Posts Tagged ‘Wilderness Radio Sierra’
Duh: Learning Curve #4 Oops I did it again!
Ever see one of those tie bars or pins that say, “IYKDWYBDYKGWYBG” My dad had one back in the days when men wore ties. The thing used to bug me cause he didn’t tell us what it meant right away. We tried guessing for a few days before he got tired of 7 kids all ganging up on him.
It is the famous “If You Keep Doing What You’ve Been Doing, You’ll Keep Getting What You’ve Been Getting!” Not sure who gets the credit for that one, but it sure stuck with me all these years. Of course, I’ve heard my bosses recite it a few times along the way too.
That’s what this series of posts is about. Not repeating mistakes I’ve made. Maybe you can learn from my mistakes and save a bit of time. Or maybe you’ll just get a laugh and some relief from knowing someone else made the same mistake you’ve made. HA!
Well, last night, I did not follow my own advice. I put together a new antenna a few hours before the NAQCC Sprint and set it up. LESSON: As previously mentioned, don’t try to use a brand new antenna in a contest.
Ooops I did it again. Strike TWO! It was a disappointing night and too late to try to get another antenna up before the 2 hour sprint was over. So no contacts for me, I’m still scratching my head. Was it the antenna, me, or the band conditions? BUT… I don’t think I’ll pull that one again. Unless I have a hole in my head…
p.s. Don’t forget to take the poll on my blog for the best ham radio QTH in the USA! It is on the left side column.
I am a CPG
Spent my birthday participating (casually) in the Straight Key Century Club Weekend Sprint. My Lake Fredrica neighborhood site was where I set up my shelter and 3 antennas. I had a 40m dipole fed with twinlead up 40 ft and running E-W. An End Fed Halfwave for 20m was nearly vertical suspended by a nearby tree. A twinlead 44 ft doublet on my 20 ft Jackite with the ends at 16 feet was setup running N-S to give me a bit of a mini-smorgasbord of antenna choices. Since it was really sunny, I hooked up my ACME GC100 Solar Charger and VW Solar Panel.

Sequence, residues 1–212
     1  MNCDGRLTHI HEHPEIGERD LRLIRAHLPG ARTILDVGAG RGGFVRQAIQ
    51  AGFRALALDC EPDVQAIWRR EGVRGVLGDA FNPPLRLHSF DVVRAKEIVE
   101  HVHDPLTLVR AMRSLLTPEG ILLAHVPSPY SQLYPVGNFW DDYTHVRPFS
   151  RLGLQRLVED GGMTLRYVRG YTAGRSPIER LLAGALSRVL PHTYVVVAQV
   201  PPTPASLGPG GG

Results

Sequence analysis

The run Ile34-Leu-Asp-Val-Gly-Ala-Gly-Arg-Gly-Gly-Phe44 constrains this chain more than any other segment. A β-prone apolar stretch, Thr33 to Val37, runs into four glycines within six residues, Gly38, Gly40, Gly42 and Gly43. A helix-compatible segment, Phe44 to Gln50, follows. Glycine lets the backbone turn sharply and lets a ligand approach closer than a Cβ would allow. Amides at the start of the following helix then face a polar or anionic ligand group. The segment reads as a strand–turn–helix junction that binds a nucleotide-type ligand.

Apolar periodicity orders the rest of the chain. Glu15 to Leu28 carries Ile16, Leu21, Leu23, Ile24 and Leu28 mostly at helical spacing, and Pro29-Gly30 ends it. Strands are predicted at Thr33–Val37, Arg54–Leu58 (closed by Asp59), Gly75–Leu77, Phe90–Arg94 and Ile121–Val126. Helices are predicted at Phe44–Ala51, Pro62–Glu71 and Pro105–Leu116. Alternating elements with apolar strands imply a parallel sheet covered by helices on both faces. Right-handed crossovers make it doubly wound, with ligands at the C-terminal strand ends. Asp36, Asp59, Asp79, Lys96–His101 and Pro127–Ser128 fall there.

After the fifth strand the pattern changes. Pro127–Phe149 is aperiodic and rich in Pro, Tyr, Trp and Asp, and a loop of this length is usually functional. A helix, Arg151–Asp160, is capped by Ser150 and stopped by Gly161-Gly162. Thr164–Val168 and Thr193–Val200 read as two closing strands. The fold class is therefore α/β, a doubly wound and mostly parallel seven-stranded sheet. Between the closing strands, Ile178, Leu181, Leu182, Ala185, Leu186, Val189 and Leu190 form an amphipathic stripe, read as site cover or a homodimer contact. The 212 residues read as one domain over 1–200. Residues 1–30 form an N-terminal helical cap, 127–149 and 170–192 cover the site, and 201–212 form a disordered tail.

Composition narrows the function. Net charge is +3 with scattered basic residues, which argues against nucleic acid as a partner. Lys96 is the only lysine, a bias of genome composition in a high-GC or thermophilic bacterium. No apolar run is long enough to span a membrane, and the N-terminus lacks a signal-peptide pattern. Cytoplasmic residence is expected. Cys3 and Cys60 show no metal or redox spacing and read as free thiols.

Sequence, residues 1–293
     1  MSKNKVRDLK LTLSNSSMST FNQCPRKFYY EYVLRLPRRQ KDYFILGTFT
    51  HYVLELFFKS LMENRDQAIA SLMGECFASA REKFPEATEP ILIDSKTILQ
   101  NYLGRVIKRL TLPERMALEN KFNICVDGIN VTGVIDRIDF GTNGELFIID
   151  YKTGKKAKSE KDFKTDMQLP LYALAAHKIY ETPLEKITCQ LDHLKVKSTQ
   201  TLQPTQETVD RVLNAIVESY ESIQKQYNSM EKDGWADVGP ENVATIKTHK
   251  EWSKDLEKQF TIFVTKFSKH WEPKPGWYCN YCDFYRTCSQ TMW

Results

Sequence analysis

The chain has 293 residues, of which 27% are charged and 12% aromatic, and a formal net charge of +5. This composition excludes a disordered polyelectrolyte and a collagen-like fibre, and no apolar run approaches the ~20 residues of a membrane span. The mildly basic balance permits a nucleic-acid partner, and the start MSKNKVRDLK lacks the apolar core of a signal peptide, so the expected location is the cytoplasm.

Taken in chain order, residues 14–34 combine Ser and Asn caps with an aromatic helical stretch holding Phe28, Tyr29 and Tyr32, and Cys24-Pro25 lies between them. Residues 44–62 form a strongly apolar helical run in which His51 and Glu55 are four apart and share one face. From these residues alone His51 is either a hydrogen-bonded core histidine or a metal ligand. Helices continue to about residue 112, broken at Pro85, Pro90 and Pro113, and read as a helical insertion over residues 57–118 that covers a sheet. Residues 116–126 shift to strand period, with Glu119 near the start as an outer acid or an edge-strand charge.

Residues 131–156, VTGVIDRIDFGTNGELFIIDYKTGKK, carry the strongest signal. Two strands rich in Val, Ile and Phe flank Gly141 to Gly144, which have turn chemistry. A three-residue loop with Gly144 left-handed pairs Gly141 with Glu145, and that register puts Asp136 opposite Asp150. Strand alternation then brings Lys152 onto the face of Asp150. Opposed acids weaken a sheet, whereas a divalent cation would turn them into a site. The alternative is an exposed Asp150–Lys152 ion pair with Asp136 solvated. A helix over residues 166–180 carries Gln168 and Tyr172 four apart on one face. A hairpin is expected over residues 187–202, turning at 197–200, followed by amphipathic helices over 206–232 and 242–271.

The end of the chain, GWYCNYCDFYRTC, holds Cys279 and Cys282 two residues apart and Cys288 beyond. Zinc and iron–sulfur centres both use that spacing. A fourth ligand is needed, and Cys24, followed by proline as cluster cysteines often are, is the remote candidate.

Bands were decent with 40m quiet and some DX coming through early from Eu stations. Nice to hear that again. 20m came alive and was pretty much the go to band for the majority of the day. I did check 15m a couple times but did not hear much and no one replied to my CQ’s.
In the middle of a QSO, my Jackite pole decided to collapse but I was able to finish the QSO with one end of the dipole about 4 feet above the ground. hi hi
The highlight of the day was my last QSO with EA3NO, Lluis in Spain. As the special station for the sprint there was a lot of competition but Lluis hung in there with my weak signal and pulled me out of the crowd after a couple attempts. THANK YOU FOR THE BIRTHDAY PRESENT Lluis!
Still wondering what a CPG is? Contest Point Giver! I am a really casual contester. Really the only reason I participate is that contests offer a fairly good opportunity to make some QSO’s. When you are QRP you have to do a lot of listening, plus pounce and search, but serious contesters will dig out weak signals to make the QSO’s so it is fun. I enjoy giving out points and reading the mail on ops that are faster than my cw comfort zone. Good practice, eh?
Here’s some photos from the day. Enjoy!
Kelly K4UPG PB #173 SKCC #5415
Antenna Ideas: Please Keep ‘em Coming!
After last week’s plea for antenna ideas for my antenna restricted condo, I received a good number of comments both on and off blog. Thanks for those… great food for thought. That is why I enjoy our QRP community. We don’t hesitate to share ideas with one another.
This morning as I took my daily walk around the lake, I met our condo association president. He graciously is allowing me to sink a pipe that will serve as a base to set up my Jackite poles in the backyard. I will be able to pop a cap on the top and keep the dirt and water out and just slide my fiberglass poles into the mount and be on the air in no time. YAHOO… that is a pretty good solution for now.
But being the antenna tweak that I am, I continue to look for the best alternatives I can find. I’ve started to put together the parts for the C Pole antenna that Niel W0VLZ pointed out to me. He has a fine site with lots of good QRP info too.